What do you mean by sociology

Difference to sociology?

Hello Jasmin,

Social sciences is the umbrella term for all sciences that examine the social coexistence of people, this generally includes sociology, political science, but also communication science, ethnology, with economics there is sometimes a debate about whether or not they belong to the social sciences.

If you study a degree in "social sciences", it usually includes sociology and political science. The difference between sociology and social science as a course of study is that the latter is somewhat broader. That was crucial for me at the time, because I didn't want to / couldn't decide whether I was more interested in sociology or political science. At the same time, however, with a B.A. Sociology can often choose a minor, and so the "breadth" of the topics is given again, and a B.A. in a social science (i.e. e.g. sociology) qualifies for an MA in any case. also in another social science (i.e. political science, among others).

The career prospects for social scientists and sociologists are also very similar. The course trains the students to become scientists, but only a small part of them actually become scientists, for everyone else there is an unclear or, more positively, diverse job description: social scientists can work as assistants to politicians in the Bundestag, as specialists for "Public Affairs" in large corporations, but also in a wide variety of positions in associations, unions and foundations, as an employee in administration in general or in urban planning in particular or as an employee in PR and communication, to name just a fraction of the possibilities.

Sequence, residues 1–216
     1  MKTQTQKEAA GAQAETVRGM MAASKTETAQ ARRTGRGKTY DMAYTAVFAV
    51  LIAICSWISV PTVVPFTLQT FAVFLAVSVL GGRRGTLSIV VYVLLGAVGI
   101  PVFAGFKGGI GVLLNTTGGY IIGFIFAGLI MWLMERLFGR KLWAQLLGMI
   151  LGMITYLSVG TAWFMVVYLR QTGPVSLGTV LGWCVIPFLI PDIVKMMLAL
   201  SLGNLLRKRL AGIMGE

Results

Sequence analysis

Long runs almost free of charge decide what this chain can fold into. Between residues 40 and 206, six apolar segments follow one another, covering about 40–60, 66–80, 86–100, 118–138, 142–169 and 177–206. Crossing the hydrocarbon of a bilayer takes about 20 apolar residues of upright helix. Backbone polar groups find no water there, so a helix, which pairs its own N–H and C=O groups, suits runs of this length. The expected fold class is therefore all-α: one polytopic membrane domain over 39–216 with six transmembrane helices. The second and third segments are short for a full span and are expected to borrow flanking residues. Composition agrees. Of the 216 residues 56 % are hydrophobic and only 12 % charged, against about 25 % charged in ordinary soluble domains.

I can't tell you whether the social sciences can serve as a "substitute" for business psychology. As far as I know, these are very different subjects, the proportion of statistics and mathematics in the broadest sense will certainly be much larger in the field of business psychology than in the social sciences and in terms of content, one should have very little to do with the other (social sciences = social coexistence / psychology, = behavior of the individual) but it may be that you are interested in both areas.

In general - if I can take the liberty of saying this - I can only advise against decisions that aim to study a subject 'for lack of alternatives', or because the desired subject is unattainable (is that really it?) Relevant internships or aptitude tests cannot not making up for a sufficient Abinote?) seemed. Studying can be very enriching, but for students who are not really interested in the subject, it can also be real torment.

The individual modules in the social sciences subject can be very different, and if you are really interested in this subject I would rather look at the specific modules than whether the course is called social science or sociology. Different universities have different priorities, at the Universities of Mannheim and Konstanz the social sciences courses are, for example, very methodical and statistical, at the University of Frankfurt theory plays a major role. There are also differences in content: While the University of Stuttgart, for example, has focused on the sociology of technology and risk, gender studies play a prominent role at the University of Munich. It is important - even if it is difficult - to obtain detailed information and to choose the university that you think is most likely to suit your own inclinations, even if you do not know exactly beforehand, of course!

Have fun searching for a further course of study!

Best wishes